British Airways (BA) boss Sean Doyle is determined to salvage the summer season for the airline as it attempts to recover from a series of setbacks and poor customer service under former chief exec Alex Cruz.
Doyle has set his sights sky-high in a comprehensive overhaul of the carrier’s operations as he looks to “rebuild from the bottom up”, according to an interview with the Sunday Times.
The leader is now focusing on modernising BA’s outdated IT systems and revamping its service.
Doyle’s goal is to create a “drumbeat of change” that reinstates pride and confidence in the airline, ultimately making it “big and beautiful” again.
In particular, Doyle said there is a “huge focus on generating the uniquely British service we need” as staff are being inspired to “showcase their originality”.
To address the legacy issues caused by cost-cutting measures, Doyle has replaced several executives inherited from Cruz, bringing in fresh talent from outside the company.
Staff training and rebranding initiatives, emphasising British originality and service, are being implemented to restore BA’s reputation.
The latest investment from BA’s parent company, International Airlines Group (IAG), totalling €600m (£510m), will primarily be allocated to more reliable cloud-based data centres, along with the introduction of a new website and app.
Artificial intelligence will also be employed to enhance customer services, such as faster routing of calls to the correct agents. The appointment of 400 tech professionals aims to facilitate a global IT reboot.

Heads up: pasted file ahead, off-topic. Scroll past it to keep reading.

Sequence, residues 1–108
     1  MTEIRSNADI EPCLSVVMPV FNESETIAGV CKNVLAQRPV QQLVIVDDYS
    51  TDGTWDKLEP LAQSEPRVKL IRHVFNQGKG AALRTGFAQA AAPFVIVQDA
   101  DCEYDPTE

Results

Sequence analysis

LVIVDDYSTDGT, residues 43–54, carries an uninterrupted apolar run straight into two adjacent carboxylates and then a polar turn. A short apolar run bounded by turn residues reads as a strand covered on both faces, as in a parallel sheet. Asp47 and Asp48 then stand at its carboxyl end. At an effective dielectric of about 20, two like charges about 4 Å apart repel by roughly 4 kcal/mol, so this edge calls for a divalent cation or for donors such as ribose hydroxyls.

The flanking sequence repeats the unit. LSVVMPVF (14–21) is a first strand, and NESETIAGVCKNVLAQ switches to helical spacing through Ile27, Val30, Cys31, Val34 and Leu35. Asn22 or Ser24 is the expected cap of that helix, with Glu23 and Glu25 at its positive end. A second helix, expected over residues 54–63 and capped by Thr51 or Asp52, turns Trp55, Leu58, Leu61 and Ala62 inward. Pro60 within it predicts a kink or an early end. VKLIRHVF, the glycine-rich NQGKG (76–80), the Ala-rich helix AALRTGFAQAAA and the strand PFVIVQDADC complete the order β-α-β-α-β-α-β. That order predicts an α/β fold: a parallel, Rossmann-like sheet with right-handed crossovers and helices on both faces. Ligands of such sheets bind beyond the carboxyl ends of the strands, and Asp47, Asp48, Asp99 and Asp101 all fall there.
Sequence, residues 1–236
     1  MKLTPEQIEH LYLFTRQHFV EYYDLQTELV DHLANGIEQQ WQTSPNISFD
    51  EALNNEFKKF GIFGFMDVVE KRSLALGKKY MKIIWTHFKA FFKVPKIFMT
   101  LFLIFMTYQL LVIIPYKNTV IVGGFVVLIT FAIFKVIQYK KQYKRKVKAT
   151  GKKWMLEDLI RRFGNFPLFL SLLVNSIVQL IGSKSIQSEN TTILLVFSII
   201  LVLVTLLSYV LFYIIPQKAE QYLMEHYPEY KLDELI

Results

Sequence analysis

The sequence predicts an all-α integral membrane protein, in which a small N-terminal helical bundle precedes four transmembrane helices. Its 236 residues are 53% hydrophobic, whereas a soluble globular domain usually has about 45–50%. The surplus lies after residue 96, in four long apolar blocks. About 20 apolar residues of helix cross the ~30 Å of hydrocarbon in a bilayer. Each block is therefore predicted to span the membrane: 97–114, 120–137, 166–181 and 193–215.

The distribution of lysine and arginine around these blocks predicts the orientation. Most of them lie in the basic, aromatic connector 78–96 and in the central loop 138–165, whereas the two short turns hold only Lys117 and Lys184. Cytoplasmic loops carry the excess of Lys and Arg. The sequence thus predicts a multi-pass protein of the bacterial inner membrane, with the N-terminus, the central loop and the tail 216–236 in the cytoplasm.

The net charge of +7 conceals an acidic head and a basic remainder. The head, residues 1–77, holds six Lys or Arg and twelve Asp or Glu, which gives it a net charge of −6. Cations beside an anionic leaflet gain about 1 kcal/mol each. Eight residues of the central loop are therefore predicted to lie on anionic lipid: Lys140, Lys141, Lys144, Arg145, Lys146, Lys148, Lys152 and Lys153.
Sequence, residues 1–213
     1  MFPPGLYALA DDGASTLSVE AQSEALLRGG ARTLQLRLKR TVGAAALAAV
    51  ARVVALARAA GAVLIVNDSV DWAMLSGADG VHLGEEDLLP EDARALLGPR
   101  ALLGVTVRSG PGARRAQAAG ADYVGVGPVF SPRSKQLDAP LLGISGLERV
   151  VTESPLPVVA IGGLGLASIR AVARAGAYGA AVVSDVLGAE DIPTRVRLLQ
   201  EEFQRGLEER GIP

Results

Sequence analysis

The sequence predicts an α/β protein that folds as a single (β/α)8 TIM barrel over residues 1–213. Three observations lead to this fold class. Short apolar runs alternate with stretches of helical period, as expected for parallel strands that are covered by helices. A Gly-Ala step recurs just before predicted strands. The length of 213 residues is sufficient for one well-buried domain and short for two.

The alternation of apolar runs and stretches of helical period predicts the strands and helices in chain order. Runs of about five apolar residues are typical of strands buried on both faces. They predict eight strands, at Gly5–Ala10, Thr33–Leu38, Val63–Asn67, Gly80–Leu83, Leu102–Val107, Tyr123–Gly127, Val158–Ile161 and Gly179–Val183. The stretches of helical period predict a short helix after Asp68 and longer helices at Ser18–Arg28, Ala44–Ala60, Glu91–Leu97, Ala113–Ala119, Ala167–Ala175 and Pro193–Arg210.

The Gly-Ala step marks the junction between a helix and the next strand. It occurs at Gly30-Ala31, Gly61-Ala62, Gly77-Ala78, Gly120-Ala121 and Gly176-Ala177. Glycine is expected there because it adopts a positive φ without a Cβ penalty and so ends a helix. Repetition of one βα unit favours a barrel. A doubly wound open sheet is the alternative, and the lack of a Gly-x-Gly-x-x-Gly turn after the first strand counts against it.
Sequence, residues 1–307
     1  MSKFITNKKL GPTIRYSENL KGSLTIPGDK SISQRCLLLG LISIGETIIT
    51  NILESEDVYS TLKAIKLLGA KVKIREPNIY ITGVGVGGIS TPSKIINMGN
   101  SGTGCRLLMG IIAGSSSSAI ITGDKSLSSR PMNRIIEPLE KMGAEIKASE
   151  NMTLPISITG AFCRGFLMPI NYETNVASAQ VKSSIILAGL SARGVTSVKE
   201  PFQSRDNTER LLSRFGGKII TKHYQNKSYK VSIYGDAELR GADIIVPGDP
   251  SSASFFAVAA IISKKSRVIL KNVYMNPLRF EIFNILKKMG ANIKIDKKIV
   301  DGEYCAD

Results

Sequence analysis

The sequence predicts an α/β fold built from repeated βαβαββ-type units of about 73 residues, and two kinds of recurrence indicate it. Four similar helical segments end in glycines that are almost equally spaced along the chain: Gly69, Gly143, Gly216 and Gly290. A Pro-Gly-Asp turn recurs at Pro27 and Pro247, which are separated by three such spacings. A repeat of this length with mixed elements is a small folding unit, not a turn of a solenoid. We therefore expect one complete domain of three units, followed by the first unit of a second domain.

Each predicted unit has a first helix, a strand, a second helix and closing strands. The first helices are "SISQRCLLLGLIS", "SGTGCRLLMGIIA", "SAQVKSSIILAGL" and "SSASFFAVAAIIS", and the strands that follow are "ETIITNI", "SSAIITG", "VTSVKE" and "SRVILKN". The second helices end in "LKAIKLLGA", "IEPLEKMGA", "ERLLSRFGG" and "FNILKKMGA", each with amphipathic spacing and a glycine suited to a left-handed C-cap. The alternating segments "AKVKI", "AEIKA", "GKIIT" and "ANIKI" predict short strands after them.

The carrier’s fleet is undergoing significant transformations, with the double-decker superjumbos being refitted and new models introduced.
Although BA’s recovery efforts are progressing, external factors, such as staff shortages at Heathrow Airport and potential strikes by air traffic controllers, pose ongoing challenges.
However, Doyle remains optimistic about the recovery of the aviation sector, with business and leisure travel gradually returning to pre-pandemic levels.
BA’s passenger numbers could reach 47m by next year, the same as in 2019 and the airline has returned to profitability after losing almost £6bn due to pandemic lockdowns.
As BA seeks to rebuild and regain customer trust, the summer season will be a crucial test for Doyle’s leadership and the effectiveness of the airline’s transformation efforts.
“It’s been challenging but we’re in much better shape,” said Doyle. “We’re committed to making sure this summer runs smoothly.”